As reported over the past five years, Papua New Guinea is a source, transit, and destination country for men, women, and children subjected to sex trafficking and forced labor. Foreign and local women and children are subjected to sex trafficking, domestic servitude, forced labor in the tourism sector, and forced begging and street vending. An international NGO conducted research with sex trafficking victims and concluded approximately 30 percent were children under the age of 18 and some were as young as 10 years old. Children are reportedly subjected to sex trafficking or forced labor by members of their immediate family or tribe. Parents force children to beg or sell goods on the street and sell or force their daughters into marriages or child sex trafficking to settle debts or to support their families. Marriages in Papua New Guinea commonly involve a “bride price” of money or chattel paid to the wife’s family by the husband’s family; this is sometimes used as a debt to compel women to remain in abusive or servile marriages. Young girls sold into polygamous marriages may be forced into domestic service for their husbands’ extended families or exploited in sex trafficking. Within the country, children and women may be exploited with promises of legitimate work or education to travel to different provinces where they are subjected to sex trafficking or domestic servitude. Tribal leaders reportedly trade with each other the exploitative labor and service of girls and women for guns and to forge political alliances.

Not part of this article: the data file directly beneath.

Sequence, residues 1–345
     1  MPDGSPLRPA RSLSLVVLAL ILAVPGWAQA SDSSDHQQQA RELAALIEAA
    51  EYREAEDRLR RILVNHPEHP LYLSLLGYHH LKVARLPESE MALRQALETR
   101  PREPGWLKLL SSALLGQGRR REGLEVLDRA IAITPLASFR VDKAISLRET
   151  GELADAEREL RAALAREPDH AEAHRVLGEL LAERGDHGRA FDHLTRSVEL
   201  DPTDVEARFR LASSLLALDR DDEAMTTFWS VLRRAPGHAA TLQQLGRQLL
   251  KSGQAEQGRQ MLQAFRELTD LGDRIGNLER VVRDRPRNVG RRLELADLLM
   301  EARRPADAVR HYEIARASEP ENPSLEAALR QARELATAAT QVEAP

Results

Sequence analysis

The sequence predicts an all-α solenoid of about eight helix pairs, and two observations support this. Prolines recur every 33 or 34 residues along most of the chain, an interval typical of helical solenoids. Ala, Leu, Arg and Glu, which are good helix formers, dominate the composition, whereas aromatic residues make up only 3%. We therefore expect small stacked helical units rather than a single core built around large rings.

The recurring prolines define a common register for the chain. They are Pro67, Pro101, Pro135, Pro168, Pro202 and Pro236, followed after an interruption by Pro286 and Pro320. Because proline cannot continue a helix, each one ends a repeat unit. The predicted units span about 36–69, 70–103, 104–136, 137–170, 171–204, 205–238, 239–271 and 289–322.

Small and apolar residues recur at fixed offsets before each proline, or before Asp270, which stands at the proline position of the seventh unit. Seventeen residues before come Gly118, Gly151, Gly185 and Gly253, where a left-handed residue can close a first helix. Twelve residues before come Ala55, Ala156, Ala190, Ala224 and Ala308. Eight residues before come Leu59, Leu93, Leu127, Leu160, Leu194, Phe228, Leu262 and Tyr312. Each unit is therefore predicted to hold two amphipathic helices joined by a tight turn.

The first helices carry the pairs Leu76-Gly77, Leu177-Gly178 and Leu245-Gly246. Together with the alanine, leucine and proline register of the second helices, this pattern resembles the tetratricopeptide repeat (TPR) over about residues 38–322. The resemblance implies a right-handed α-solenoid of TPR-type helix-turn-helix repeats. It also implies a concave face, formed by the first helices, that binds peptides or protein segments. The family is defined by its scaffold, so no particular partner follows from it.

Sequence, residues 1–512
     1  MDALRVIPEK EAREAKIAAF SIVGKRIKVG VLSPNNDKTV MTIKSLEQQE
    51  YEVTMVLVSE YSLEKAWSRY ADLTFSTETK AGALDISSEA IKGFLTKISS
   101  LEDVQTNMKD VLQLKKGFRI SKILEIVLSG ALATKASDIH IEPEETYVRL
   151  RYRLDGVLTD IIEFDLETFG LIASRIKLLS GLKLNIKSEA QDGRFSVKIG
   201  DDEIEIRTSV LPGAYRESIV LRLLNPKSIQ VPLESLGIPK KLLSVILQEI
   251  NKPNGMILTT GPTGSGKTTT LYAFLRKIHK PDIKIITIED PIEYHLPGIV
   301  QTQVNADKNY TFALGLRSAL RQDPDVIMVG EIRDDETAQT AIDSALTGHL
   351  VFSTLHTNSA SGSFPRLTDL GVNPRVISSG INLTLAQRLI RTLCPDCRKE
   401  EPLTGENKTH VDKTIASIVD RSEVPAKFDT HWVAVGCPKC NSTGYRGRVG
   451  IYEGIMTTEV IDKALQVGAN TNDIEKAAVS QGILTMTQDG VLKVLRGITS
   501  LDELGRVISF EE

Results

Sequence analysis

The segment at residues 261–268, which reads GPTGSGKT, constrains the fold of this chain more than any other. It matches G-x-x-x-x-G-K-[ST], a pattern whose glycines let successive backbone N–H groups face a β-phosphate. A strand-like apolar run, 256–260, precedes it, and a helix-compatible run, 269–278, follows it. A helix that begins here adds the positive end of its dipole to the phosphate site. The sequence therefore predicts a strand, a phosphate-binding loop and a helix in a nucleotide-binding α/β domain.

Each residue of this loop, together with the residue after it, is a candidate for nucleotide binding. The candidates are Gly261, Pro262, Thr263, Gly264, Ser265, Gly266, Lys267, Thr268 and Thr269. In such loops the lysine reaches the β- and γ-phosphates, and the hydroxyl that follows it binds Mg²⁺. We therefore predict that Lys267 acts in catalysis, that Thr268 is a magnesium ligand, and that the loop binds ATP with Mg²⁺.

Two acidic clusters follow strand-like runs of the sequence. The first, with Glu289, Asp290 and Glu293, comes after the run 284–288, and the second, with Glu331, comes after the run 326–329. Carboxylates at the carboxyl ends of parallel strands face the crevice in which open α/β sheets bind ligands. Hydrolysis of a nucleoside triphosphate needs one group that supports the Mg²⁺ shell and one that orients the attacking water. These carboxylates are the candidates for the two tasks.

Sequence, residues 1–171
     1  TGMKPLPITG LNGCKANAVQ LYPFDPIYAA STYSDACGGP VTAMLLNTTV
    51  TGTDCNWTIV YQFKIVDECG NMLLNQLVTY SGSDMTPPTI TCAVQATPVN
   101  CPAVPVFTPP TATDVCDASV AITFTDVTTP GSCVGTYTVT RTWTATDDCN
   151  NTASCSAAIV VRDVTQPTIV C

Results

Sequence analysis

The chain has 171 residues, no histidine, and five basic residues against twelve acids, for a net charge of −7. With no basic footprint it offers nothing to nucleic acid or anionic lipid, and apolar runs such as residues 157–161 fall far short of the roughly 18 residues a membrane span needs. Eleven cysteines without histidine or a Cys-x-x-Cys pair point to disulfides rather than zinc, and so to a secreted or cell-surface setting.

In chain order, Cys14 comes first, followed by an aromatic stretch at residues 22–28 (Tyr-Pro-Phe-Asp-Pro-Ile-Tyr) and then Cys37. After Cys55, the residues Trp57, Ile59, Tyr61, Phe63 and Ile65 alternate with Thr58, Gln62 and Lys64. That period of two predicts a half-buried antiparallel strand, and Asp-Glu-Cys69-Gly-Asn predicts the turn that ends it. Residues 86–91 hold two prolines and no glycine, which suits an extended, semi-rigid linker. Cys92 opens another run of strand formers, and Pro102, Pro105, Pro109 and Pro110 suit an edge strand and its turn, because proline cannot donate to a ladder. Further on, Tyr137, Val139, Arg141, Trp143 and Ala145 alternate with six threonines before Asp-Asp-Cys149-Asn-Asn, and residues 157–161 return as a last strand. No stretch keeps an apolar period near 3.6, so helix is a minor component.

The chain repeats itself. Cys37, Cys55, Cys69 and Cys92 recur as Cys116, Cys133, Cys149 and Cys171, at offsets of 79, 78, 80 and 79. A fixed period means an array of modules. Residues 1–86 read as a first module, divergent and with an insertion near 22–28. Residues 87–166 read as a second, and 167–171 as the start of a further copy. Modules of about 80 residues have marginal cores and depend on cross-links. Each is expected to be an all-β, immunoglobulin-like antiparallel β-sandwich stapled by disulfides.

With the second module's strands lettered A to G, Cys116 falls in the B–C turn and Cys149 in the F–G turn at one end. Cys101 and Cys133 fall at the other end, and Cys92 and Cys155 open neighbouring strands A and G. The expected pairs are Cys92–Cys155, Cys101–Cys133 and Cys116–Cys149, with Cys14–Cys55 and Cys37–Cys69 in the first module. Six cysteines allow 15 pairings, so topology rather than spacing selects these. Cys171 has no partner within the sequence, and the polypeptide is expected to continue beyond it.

Malaysian and Chinese logging companies arrange for some foreign women to enter the country voluntarily with fraudulently issued tourist or business visas. After their arrival, many of these women—from countries including Indonesia, Malaysia, Thailand, China, and the Philippines—are turned over to traffickers who transport them to logging and mining camps, fisheries, and entertainment sites, and exploit them in forced prostitution and domestic servitude. Chinese, Malaysian, and local men are subjected to forced labor at commercial mines and logging camps, as well as on fishing vessels operating in Papua New Guinea’s exclusive economic zone, where some receive little pay and are compelled to continue working for the company indefinitely through debt bondage. Vietnamese, Burmese, Cambodian, and local men and boys are subjected to forced labor on fishing vessels; they face little to no pay, harsh working conditions, and debt bondage, and many are compelled to fish illegally, making them vulnerable to arrest. Government officials reportedly facilitate trafficking by accepting bribes to allow undocumented migrants to enter the country or ignore trafficking situations, and some may exploit sex trafficking victims or procure victims for other individuals in return for political favors or votes.